Citizen Kane is a film open to many interpretations and analyses. It tells the story of its main character through the complex points of view of those who knew him. Or thought they knew him. The character of Charles Foster Kane is played by, and done so in an enigmatic performance, by Orson Welles. The intrinsic bias and prejudice of the “narrators” in this film creates conflicting accounts of who Charles Foster Kane really was. Kane was a private man; closely guarding his true identity, making it difficult to differentiate the private Kane from his public identity. Throughout the film’s development of Kane, several inconsistencies and contradictions arise in the depiction of the character’s personality. All of these issues make it difficult to form a solid portrayal of whom Kane actually was. However, there is enough evidence to conclude that Charles Foster Kane was a noble figure sabotaged by his own anti-social behavior and his search for love, his inability to find and provide it, and the way this haunted him to his dying day. To further examine Charles Foster Kane the way in which the film deals with “point of view must” be examined. Excluding the opening shot of the film, in which Kane dies, the events of Kane’s life are told through a series of narrators. The audience is informed that the character of Thompson is charged with the task of discovering who Kane really was by decoding the meaning of his last word, “ROSEBUD”. This plants an expectation in the audience that they too will be uncovering the “real” Kane through Thompson’s interviews. However, Thompson’s supposed first contact, the former Mrs. Kane (Susan Alexander Kane), is a complete failure. This sets up a succession of broken expectations that distort and interrupt the interpretation of Kane.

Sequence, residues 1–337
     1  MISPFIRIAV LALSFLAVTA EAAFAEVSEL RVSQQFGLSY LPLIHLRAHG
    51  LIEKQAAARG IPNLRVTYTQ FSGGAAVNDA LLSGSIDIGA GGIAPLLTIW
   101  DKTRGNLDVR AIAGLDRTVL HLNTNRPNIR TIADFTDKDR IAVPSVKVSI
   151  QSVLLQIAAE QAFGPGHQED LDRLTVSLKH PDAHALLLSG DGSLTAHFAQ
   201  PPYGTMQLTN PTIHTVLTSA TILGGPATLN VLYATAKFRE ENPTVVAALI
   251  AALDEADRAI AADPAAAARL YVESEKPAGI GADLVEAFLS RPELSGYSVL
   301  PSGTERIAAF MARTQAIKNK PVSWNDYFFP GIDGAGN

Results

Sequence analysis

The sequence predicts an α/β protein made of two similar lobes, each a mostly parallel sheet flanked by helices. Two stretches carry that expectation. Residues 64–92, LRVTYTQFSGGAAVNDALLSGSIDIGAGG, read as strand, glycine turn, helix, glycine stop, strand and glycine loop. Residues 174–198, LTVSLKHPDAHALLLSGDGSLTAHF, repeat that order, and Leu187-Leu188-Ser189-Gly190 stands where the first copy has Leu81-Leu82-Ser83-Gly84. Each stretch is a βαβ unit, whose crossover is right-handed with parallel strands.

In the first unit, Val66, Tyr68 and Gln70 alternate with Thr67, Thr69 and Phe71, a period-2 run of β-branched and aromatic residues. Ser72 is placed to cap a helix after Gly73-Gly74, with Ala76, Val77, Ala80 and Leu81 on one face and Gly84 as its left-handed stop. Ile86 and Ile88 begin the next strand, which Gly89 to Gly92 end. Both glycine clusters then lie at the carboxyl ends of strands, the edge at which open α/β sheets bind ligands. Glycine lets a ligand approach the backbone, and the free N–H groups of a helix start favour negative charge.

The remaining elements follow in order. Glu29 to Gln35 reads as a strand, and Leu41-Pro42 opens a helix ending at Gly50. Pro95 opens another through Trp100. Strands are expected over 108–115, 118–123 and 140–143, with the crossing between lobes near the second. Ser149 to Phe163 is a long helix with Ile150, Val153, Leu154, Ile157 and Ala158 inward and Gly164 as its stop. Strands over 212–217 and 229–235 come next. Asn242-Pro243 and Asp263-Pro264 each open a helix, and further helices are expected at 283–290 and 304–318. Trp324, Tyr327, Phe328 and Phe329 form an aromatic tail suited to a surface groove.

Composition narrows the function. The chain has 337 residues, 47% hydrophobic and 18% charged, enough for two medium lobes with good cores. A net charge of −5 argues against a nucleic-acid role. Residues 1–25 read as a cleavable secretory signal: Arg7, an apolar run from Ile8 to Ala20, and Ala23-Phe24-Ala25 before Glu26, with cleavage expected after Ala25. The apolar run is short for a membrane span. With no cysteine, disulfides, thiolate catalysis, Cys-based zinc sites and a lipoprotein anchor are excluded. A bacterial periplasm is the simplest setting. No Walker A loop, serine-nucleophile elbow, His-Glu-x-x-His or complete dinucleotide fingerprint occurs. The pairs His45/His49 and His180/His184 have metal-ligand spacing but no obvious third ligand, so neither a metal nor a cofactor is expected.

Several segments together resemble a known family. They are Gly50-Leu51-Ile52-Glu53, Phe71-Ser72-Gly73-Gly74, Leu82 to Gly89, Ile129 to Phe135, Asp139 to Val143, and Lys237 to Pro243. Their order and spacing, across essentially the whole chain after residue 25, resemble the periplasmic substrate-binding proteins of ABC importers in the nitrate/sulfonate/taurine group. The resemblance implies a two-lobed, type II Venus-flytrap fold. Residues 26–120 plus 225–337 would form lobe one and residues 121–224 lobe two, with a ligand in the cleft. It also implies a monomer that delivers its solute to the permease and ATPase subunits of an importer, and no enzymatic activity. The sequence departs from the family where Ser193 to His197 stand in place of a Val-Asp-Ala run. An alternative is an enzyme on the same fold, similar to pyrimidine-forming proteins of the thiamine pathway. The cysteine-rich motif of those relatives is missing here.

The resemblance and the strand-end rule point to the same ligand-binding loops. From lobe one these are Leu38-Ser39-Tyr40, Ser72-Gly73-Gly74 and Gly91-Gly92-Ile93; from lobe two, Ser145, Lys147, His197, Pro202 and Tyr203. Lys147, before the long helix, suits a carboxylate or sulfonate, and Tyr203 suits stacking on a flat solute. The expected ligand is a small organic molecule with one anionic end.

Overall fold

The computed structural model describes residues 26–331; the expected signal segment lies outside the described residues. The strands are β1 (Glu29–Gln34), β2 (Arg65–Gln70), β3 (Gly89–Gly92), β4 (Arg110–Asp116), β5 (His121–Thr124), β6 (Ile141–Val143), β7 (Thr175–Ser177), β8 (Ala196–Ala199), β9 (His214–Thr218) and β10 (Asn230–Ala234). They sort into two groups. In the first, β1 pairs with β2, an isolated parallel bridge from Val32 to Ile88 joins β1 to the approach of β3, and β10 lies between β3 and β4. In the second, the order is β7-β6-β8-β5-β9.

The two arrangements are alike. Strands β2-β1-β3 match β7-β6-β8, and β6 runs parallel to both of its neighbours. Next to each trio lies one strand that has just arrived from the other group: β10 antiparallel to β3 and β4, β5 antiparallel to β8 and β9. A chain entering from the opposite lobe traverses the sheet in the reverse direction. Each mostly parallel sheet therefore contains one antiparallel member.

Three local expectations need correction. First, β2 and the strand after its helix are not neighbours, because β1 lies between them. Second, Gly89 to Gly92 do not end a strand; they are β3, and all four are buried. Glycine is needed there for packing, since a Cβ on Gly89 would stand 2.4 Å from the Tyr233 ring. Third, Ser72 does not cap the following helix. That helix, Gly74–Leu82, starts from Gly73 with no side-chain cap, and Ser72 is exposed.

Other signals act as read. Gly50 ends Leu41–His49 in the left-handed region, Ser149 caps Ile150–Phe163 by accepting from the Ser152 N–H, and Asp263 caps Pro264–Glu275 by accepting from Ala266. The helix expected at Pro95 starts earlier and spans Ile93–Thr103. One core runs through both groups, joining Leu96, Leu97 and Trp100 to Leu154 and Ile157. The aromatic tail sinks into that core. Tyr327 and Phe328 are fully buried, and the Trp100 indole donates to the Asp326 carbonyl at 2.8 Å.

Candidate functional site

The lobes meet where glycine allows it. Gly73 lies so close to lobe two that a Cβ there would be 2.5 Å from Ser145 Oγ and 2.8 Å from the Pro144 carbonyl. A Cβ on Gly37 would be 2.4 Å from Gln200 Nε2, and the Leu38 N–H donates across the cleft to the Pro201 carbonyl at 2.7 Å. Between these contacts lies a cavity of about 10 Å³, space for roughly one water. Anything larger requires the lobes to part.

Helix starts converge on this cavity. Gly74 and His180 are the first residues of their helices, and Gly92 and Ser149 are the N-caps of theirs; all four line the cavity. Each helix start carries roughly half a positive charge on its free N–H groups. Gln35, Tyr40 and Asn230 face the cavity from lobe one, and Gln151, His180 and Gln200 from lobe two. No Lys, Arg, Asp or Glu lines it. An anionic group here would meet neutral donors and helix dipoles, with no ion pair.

Thompson’s mission leads him from one subjective acquaintance to another, ranging from a book (the autobiography of the money minded Mr. Thatcher) to Kane’s longtime business...
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